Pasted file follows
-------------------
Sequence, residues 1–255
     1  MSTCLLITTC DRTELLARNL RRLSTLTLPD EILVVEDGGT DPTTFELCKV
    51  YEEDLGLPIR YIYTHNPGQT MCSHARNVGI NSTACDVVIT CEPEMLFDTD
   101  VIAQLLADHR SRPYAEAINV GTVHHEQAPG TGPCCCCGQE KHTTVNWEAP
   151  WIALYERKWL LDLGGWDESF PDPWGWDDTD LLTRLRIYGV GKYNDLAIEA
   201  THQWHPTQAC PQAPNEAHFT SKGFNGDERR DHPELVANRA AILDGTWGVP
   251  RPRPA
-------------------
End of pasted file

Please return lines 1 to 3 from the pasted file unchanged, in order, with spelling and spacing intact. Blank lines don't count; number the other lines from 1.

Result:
Sequence, residues 1–255
     1  MSTCLLITTC DRTELLARNL RRLSTLTLPD EILVVEDGGT DPTTFELCKV
    51  YEEDLGLPIR YIYTHNPGQT MCSHARNVGI NSTACDVVIT CEPEMLFDTD